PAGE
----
01 MAY 2002
Stagflation: why it is happening
That there is inflation and that it has sky-rocketed is not in doubt.
We have the eyes and the ears to look at and to listen to the stark realities that have pushed inflation way up.
But editorials are not supposed to be note pads, they are there to serve as useful eye-openers.
Why is stagflation taking place?
First of all it is important to understand what inflation is. The technical definition would be the process by which the price level rises and money loses its value.
Inflation, economists will tell us, is a monetary phenomenon, it is when the price level and the value of money changes but not the price of a commodity.
Inflation happens because of a number of factors, which we would do well to note:
Decline in money supply
Decrease in government purchases
Decrease in price level or real GDP in the rest of the world
An increase in money wage rates
And an increase in the price of raw materials
Looking at these criteria could help us understand why inflation is indeed on the up.
New financial procedures and proper banking facilities, reduced economic activity and confidence contributes to the decline in money supply.
An attempt to reduce public expenditure and contain the public sector is the contributing factor for a decrease in government purchases.
The drop in GDP in Europe and the world is an indicator that reflects directly on our economic performance.
The last two considerations mentioned above deal with the rise in salaries, the direct result of unending union intervention and the price tag of raw materials.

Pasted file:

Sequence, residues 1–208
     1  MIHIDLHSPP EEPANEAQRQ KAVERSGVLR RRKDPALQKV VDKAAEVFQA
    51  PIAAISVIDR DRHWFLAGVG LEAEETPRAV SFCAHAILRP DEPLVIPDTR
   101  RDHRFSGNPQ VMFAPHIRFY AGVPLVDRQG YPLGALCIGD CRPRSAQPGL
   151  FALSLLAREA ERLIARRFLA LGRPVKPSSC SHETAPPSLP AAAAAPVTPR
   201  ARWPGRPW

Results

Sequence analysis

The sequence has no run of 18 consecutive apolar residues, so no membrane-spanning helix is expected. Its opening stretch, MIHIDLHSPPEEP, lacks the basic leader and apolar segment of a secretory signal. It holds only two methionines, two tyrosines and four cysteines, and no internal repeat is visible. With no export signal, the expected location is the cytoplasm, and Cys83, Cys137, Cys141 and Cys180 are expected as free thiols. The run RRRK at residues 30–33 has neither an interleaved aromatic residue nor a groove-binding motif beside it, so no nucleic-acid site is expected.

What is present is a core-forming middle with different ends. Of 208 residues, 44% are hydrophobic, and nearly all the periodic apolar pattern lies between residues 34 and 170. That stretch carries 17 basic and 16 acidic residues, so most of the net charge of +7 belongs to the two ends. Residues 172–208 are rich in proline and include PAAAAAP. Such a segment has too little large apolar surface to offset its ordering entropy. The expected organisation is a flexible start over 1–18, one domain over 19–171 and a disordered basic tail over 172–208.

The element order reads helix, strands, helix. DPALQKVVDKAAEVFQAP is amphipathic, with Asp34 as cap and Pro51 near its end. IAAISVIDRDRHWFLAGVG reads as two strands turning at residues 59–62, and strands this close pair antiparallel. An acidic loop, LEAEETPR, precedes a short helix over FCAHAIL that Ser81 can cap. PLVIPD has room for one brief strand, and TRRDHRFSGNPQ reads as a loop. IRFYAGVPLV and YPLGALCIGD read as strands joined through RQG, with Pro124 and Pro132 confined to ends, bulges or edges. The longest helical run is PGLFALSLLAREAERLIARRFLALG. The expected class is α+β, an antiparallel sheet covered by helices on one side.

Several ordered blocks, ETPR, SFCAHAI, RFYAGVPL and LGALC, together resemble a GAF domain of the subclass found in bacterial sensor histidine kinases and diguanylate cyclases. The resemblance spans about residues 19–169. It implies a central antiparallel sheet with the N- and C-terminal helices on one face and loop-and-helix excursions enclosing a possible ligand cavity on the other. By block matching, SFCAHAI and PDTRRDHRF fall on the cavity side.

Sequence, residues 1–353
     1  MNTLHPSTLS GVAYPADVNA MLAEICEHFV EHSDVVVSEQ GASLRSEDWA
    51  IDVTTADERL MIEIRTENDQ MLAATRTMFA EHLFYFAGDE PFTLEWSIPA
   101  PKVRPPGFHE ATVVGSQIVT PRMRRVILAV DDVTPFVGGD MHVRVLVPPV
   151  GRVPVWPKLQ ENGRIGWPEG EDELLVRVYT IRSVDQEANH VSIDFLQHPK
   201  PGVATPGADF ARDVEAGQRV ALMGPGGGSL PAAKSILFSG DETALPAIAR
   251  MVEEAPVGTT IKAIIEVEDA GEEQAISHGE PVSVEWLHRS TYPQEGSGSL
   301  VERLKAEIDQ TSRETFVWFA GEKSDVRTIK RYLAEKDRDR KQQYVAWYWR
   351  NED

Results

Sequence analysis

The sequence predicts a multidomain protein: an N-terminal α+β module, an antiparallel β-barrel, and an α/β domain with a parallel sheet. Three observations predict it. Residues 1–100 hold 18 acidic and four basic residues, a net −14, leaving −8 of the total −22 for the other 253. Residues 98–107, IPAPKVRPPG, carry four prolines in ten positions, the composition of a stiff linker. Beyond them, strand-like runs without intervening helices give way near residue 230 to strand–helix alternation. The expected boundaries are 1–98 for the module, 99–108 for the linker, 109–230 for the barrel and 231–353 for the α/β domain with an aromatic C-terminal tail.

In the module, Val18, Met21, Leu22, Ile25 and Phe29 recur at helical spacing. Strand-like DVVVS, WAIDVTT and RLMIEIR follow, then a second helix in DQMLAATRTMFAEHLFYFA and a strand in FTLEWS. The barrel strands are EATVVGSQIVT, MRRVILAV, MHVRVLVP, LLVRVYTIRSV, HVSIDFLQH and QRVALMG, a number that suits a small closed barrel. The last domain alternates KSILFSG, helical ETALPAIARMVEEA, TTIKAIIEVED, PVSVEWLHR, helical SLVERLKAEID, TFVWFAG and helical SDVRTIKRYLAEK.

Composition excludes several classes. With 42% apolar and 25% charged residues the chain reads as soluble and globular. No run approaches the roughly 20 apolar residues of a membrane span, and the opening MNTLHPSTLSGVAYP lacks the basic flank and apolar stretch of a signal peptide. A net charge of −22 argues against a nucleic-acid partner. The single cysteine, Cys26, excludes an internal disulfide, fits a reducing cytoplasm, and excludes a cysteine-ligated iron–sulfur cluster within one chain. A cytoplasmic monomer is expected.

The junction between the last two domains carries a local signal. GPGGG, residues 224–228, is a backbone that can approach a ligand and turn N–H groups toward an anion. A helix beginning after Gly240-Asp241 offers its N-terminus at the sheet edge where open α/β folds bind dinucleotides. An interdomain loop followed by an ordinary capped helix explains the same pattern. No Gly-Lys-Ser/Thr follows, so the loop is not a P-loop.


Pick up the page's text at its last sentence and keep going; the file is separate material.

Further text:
To address these issues, we need to break through some nettle-infested ground.
Todays government believes that one solution is getting into Europe at all costs. They argue quite rightly that in Europe we will have new opportunities.
The Opposition react to this by stating that perhaps one needs to inculcate a relaxed mentality in the psyche of the Maltese.
For the last five years they have had to endure constant screaming about a deficit and an ailing economy.
Business is about chemistry, if the conditions are not right nothing is catalysed.
We need to stop talking about taxation, about deficit and debt and get on with life.
We need to have faith in ourselves and start to believe that the next hurdle - Europe - will bring improved changes to our lives.
Unfortunately on this point Maltese society needs more reassurance for its future. Then and only then will we enjoy the sweeter taste of economic growth on our shores.
Privatisation on the move
The privatisation at Malta International Airport comes at an opportune moment. The global economy is suffering from serious setbacks and Malta is no exception to this trend.
The privatisation at MIA will not only allow for a limited amount of immediate revenue but it will also provide for some value-added in this dynamic industry.
Regardless of who the prize would go to at the end of the day, the vying Malta Mediterranean Link or Alterra, the deal must go through without delay in order to capitalise on the timing of the deal.
The mechanics of the deal are now being clarified to the public to assure all concerned that there is no hidden agenda in the governments privatisation drive.
The future processes governing privatisation are not expected to be very different from the one we have just witnessed!